Communist Party of India - Marxist (CPI-M): Founded in 1964. Believes in Marxism-Leninism. Supports socialism, secularism and democracy and opposes imperialism and communalism. Accepts democratic elections as a useful and helpful means for securing the objective of socio-economic justice in India. Enjoys strong support in West Bengal, Kerala and Tripura, especially among the poor, factory workers, farmers, agricultural labourers and the intelligentsia. Critical of the new economic policies that allow free flow of foreign capital and goods into the country. Was in power in West Bengal without a break for 34 years. In the 2014 Lok Sabha elections, it won about 3 per cent of votes and 9 seats.
Indian National Congress (INC): Popularly known as the Congress Party. One of the oldest parties of the world. Founded in 1885 and has experienced many splits. Played a dominant role in Indian politics at the national and state level for several decades after India’s Independence. Under the leadership of Jawaharlal Nehru, the party sought to build a modern secular democratic republic in India. Ruling party at the centre till 1977 and then from 1980 to 1989. After 1989, its support declined, but it continues to be present throughout the country, cutting across social divisions. A centrist party (neither rightist nor leftist) in its ideological orientation, the party espouses secularism and welfare of weaker sections and minorities. Supports new economic reforms but with a human face. Leader of the United Progressive Alliance (UPA) government from 2004 to 2014. Currently it is the principal opposition party in the Lok Sabha.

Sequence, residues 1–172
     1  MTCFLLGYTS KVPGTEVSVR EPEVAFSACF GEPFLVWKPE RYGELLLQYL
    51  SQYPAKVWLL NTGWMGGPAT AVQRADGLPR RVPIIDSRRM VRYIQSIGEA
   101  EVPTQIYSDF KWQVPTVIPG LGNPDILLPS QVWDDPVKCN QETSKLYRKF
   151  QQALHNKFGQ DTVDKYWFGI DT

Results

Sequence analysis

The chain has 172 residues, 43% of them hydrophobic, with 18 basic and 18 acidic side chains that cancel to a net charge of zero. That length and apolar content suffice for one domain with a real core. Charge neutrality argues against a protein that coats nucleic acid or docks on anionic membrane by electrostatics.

Nationalist Congress Party (NCP): Formed in 1999 following a split in the Congress party. Espouses democracy, Gandhian secularism, equity, social justice and federalism. Wants that high offices in government be confined to natural born citizens of the country. A major party in Maharashtra and has a significant presence in Meghalaya, Manipur and Assam. A coalition partner in the state of Maharashtra in alliance with the Congress. Since 2004, a member of the United Progressive Alliance.